Chromatic aberration is a common lens aberration that appears as „color fringes“ or “purple fringing” along the borders of very dark or very bright parts of an image. But how does it occur and can it be avoided?
Dispersion and refraction of light
At first we will take a look at the dispersion of light by a prism. Dispersion is the separation of visible light into its different colors (wavelengths). This can be observed when light is passing through a prism.
Light that passes from one material to another, will be refracted (bent) at a boundary. In the illustration below, you can see that the blue rays of light are refracted stronger compared to the red rays of light.
The intensity of refraction depends on the optical density of the medium the light passes through as well as the wavelength. Shorter wavelengths (blue) will bend more than longer wavelengths (red) and material with a higher optical density will bend more compared to a lower optical density. The optical density is described by the index of refraction.
Here are some samples of refraction indices:
Dense Flint Glass
Keeping this in mind, you can imagine what happens when light passes through a lens to create an image on the sensor of the camera. Since the focal length of a lens is dependent on the refractive index, different wavelengths of light will be focused on different positions.
An ideal lens would somehow manage to compensate the different dispersion of the wavelengths in order to focus them in exactly the same point, see illustration below.
Unfortunately this ideal lens does not exist in reality. Instead, chromatic aberration is caused by lens dispersion, with different colors of light travelling at different speeds while passing through a lens. In an image it can be noticed as colored edges (red, yellow, green, blue, purple, magenta) around objects in high contrast situations.
There are mainly two different types of chromatic aberration – longitudinal and transverse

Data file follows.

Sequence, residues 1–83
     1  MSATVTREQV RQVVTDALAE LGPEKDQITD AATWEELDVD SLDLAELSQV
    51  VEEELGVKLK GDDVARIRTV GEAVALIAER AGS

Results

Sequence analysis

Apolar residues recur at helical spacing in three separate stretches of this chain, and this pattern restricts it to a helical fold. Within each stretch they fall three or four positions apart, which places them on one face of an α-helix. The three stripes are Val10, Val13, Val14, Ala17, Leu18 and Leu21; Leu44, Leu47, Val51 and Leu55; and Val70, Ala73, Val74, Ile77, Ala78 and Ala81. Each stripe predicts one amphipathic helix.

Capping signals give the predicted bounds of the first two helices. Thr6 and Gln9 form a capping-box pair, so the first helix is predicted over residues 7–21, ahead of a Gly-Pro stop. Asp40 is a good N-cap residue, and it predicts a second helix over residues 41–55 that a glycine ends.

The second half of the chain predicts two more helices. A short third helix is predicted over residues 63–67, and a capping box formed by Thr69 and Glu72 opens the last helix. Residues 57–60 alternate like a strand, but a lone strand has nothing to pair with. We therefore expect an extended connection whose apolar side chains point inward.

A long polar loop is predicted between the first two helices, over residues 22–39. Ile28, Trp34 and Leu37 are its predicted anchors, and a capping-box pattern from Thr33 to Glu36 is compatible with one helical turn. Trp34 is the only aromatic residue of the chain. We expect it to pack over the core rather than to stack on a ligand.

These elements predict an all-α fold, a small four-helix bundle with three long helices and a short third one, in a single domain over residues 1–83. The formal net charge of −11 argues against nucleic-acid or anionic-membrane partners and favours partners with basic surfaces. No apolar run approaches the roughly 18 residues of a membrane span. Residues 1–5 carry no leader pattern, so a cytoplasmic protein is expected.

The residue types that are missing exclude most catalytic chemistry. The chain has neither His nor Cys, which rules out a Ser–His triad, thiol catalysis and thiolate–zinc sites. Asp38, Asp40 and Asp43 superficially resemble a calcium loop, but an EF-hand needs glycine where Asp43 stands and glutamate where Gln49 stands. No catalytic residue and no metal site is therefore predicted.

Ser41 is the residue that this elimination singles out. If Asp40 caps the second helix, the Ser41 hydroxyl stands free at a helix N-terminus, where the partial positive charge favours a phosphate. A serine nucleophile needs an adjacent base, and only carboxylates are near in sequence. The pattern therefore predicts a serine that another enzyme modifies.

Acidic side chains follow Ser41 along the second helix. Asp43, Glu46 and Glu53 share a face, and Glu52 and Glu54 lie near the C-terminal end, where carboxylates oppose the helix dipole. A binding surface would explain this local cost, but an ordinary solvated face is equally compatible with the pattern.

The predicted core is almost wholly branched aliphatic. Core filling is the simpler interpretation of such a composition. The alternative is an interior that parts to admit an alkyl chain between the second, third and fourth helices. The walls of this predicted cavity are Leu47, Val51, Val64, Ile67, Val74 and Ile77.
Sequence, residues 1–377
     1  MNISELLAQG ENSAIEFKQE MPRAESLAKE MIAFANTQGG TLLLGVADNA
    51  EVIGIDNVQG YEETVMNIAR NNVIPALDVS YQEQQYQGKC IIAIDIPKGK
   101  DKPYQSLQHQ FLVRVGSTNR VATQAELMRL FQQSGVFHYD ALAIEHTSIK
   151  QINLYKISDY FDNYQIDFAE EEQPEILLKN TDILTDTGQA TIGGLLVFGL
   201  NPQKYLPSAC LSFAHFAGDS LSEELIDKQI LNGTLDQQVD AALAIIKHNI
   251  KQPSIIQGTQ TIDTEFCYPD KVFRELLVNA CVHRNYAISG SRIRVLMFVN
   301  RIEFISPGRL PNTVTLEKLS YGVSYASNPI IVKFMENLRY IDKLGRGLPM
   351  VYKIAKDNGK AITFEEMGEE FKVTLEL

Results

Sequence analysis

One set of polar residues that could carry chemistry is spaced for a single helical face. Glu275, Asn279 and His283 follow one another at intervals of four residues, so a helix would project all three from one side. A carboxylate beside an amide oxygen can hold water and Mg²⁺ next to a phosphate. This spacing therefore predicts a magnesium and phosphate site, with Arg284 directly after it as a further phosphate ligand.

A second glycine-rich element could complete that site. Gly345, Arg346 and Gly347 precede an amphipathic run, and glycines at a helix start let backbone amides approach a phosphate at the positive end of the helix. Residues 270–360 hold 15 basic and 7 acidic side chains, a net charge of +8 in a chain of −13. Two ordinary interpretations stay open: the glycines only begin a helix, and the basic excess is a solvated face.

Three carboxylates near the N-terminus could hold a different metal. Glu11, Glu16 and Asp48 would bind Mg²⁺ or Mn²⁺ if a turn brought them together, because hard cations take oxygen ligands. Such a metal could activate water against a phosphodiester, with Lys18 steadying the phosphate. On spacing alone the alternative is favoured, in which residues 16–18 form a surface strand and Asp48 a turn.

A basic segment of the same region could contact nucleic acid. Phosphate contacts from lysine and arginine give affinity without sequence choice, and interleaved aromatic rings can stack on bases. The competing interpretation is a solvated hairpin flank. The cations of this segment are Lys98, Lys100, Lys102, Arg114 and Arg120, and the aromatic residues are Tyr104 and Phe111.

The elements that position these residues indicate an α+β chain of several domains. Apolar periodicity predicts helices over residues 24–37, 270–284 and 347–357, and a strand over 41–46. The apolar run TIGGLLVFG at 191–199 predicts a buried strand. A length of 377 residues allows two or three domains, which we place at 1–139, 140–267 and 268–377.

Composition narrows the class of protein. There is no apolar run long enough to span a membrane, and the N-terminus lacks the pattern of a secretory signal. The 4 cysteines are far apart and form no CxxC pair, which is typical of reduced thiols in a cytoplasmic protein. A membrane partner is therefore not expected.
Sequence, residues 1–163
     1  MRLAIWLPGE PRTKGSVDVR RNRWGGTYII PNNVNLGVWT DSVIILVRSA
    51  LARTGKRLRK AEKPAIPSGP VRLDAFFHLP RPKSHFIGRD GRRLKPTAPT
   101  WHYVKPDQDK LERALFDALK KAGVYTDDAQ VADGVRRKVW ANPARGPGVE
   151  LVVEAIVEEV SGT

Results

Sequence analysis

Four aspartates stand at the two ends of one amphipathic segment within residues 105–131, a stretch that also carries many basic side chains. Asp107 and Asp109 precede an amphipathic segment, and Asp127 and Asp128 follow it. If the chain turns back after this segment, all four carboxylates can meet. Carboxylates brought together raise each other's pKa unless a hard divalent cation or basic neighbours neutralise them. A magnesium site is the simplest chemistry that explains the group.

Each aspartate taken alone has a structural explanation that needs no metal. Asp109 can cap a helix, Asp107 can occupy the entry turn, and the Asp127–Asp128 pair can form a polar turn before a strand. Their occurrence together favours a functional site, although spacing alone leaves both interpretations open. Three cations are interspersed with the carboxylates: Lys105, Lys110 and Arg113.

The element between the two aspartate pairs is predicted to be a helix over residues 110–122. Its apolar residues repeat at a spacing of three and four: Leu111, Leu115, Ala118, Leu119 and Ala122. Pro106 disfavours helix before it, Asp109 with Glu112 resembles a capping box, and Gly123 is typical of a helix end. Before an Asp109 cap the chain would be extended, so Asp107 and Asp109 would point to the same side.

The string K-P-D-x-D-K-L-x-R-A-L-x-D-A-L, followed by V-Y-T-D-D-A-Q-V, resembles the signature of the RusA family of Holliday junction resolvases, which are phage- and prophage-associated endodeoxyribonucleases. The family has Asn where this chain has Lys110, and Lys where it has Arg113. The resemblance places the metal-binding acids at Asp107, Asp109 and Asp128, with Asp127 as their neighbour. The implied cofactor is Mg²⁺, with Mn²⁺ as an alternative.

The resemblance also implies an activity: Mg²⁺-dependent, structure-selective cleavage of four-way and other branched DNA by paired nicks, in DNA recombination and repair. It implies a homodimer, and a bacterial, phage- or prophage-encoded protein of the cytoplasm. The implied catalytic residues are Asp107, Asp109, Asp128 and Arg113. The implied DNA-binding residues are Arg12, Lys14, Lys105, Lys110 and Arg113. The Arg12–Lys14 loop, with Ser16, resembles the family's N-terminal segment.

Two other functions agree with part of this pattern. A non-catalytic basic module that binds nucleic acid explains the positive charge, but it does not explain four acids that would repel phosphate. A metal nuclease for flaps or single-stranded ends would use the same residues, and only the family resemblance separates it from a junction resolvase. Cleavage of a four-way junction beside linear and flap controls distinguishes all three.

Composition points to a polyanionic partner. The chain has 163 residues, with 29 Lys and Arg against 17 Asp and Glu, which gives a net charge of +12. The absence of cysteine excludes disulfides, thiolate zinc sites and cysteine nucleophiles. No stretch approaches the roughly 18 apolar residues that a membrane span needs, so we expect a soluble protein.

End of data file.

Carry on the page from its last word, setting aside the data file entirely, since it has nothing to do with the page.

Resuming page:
Longitudinal (axial) chromatic aberration
Longitudinal chromatic aberration occurs when different colors (wavelengths) focus at different points along the horizontal optical axis as a result of dispersion properties of the glass. In the illustration below only the green light is focused sharply on the image plane. The blue and red light have a so-called circle of confusion in the sensor plane and are not focused sharply. Stopping down the aperture helps reducing the effect of axial chromatic aberration.
Transverse (Lateral) chromatic aberration
Transverse (lateral) chromatic aberration occurs when different colors (wavelengths) coming at an angle focus at different positions along the same focal plane, as illustrated below. In contrast to longitudinal chromatic aberration, the transverse chromatic aberration only occurs towards the corners of a high contrast image and cannot be corrected by stopping down the aperture. Lateral chromatic aberration can only be corrected in post processing software.
An achromatic correction applies to wavelengths at both ends of the visible spectrum (red & blue). It is commonly achieved by the combination of a convex crown glass* element and concave flint glass* element – the so-called achromatic doublet.
*Crown glass has a lower refraction index than flint glass (see list above)
An apochromatic correction is designed to bring three wavelengths (usually red, green & blue) into focus in the same plane. This is usually achieved by combining three types of lens elements – the so-called apochromatic triplet – and is a lot more complicated and costly than designing an achromatic lens.
The abbreviation ED derives from Extra Low Dispersion Glass. Very often both, achromatic and apochromatic lenses, contain elements made of special low dispersion glass.
Primary and secondary spectrum chromatic aberration
Completely uncorrected lenses are called chromatic and show a so-called primary spectrum chromatic aberration where the far ends of the spectrum, red and blue, focus differently. But most photographic lenses have an achromatic design, which means that the red and blue end of the spectrum focus in the same point.
While blue and red wavelengths are focused in the same point, green wavelengths still focus in a different point. This is called secondary spectrum chromatic aberration and shows magenta/green artifacts instead of red/blue artifacts.
The type of chromatic aberration that you encounter most commonly is the secondary transverse chromatic aberration showing magenta and green lines along the borders of high contrast details towards the corners of an image.
This sample image of secondary spectrum chromatic aberration has been taken with an extreme wide-angle (fisheye) lens. You can clearly see the magenta artifacts towards the center and green artifacts towards the corners of each image detail.